As a result of a childhood dog bite years ago, doctors used a skin graft from Crystal Coombsâ€™ groin to repair a patch of her face. Now, she is growing â€œliteral pubic hairâ€ from it.
In a preview of Mondayâ€™s episode of Botched, Combs describes the traumatic injury that left her face disfigured at the age of nine.
It was the plastic surgeon who â€œsuggested the skin graft, [and to] take it from the groin. They did the surgery, and then the hair started growing.â€
â€œSo you were getting pubic hair on your face?â€ Botched surgical star Paul Nassif, MD, asks her.
â€œYes. Literal pubic hair,â€ she responds. â€œI donâ€™t believe that the doctor mentioned I would grow pubic hair out of my [skin] patch. I donâ€™t remember that.â€
Terry Dubrow, MD, Botched's other star surgeon, then explained that it's unusual for a doctor to do a skin graft using skin from the crotch or groin area. â€œItâ€™s interesting why they chose it from the groin, because thereâ€™s so many places,â€ he says. â€œThey couldâ€™ve done the back, the abdomen. You obviously wouldnâ€™t do the armpits.â€
â€œI, at first, thought it didnâ€™t affect me. Since having my daughter, I really started to get conscious of it,â€ she says. â€œSheâ€™s six months, and Iâ€™m worried about the kids sheâ€™ll go to school with â€¦ I donâ€™t want her to be teased.â€
Her request to the Botched doctors is to replace her facial patch, making it â€œas small and minimal as possible.â€ However, the procedure could jeopardize the structure of her face.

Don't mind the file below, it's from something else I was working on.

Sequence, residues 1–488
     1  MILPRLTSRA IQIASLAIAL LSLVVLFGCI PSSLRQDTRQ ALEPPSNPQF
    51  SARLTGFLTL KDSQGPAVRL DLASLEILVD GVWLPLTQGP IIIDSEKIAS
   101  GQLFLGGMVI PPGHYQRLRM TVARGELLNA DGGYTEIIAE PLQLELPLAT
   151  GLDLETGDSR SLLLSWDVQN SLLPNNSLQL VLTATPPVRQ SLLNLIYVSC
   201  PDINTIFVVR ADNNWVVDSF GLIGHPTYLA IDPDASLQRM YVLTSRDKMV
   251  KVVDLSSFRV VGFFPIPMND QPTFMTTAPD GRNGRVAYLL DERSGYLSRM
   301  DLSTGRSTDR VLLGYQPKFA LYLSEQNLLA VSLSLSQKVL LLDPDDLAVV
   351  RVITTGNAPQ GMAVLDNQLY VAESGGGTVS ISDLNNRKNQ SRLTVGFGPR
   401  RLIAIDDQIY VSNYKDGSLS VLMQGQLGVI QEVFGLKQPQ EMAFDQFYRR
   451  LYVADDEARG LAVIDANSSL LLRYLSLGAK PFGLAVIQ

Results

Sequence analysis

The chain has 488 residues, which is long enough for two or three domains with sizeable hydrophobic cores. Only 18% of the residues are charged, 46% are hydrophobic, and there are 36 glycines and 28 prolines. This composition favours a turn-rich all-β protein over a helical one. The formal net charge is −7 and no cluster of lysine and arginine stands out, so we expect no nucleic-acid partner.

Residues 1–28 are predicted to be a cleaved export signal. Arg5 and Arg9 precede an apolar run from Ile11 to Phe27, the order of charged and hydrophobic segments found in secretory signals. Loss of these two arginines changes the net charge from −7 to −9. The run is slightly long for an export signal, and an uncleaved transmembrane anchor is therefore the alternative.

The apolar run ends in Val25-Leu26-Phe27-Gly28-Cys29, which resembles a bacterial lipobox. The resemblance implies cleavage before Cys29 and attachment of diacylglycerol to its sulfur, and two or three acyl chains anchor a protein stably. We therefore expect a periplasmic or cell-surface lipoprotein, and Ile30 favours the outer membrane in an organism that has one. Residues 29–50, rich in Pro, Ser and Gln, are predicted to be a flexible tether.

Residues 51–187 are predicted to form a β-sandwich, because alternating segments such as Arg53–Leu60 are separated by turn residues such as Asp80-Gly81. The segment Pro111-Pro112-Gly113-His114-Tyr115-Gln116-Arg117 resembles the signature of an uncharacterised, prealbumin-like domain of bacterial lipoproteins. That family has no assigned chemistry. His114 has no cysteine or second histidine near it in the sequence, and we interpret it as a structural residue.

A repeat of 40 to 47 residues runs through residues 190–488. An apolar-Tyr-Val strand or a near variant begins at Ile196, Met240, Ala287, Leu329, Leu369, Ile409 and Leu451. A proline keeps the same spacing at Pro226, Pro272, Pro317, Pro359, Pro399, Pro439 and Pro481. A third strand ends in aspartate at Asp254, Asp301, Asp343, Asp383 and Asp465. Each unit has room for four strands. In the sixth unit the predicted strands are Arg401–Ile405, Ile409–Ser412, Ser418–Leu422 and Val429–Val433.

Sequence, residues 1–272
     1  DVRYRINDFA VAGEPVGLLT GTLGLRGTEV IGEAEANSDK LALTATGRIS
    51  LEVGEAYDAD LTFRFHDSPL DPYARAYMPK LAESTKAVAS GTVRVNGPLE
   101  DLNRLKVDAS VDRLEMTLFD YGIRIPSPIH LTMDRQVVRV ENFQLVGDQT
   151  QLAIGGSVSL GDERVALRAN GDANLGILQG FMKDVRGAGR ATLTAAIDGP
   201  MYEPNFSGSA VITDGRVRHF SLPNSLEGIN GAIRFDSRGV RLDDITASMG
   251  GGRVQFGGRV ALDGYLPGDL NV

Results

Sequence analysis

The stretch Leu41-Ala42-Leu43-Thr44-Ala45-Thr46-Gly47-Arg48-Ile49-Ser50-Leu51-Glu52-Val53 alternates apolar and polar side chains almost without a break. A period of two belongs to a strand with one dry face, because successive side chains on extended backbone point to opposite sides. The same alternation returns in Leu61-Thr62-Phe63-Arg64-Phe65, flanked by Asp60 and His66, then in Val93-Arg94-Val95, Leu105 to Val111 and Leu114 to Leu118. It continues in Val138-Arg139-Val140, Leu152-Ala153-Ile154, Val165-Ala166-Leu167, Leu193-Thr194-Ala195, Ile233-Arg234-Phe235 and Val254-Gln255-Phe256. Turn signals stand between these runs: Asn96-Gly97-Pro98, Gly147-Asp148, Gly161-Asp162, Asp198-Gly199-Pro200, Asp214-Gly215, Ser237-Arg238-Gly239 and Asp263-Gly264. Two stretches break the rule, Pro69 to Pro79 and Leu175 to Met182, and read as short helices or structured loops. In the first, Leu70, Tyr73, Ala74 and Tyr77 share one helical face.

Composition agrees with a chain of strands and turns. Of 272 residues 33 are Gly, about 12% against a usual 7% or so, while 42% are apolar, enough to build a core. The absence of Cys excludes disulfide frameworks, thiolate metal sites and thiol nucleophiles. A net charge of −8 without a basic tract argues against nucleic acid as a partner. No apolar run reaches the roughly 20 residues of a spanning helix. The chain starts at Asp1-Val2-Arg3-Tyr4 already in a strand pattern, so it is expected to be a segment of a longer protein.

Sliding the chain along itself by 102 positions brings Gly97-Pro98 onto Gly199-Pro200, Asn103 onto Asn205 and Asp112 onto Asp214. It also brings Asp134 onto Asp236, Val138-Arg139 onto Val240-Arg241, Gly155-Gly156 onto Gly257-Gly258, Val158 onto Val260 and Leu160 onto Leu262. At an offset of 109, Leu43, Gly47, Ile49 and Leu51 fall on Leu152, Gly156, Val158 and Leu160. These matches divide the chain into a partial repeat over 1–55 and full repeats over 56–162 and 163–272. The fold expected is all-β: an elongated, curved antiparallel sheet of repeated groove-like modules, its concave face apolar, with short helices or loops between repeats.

Phillip R. Langsdon, MD, facial plastic surgeon and immediate past president of the American Academy of Facial Plastic and Reconstructive Surgery (AAFPRS), does not consider this a â€œbotchedâ€ surgery. (Dr. Langsdon is not involved in Coombs' case.)
"While it is easy for a patient to come to quick judgement, I would not second guess a doctor who did excellent work in restoring a very complicated injury,â€ he tells ishonest. â€œThere are many other issues that the doctor must deal with that patients don't often understand.â€
Dr. Langsdon adds that while hair removal is relatively easy, reconstruction is not.
â€œSkin from that area of the body is certainly a credible option for many reasons,â€ he explains. â€œCould the graft come from other regions, yes, but there are consequences such as scarring and contraction, variations in skin thickness that must be considered. Plus, anytime skin is transferred or operated upon in patients of color it is realistic to expect some hyper (extra) pigmentation that is unavoidable; this can be treated.â€
Tune in to E! tonight at 10 p.m. EST to see the entire episode.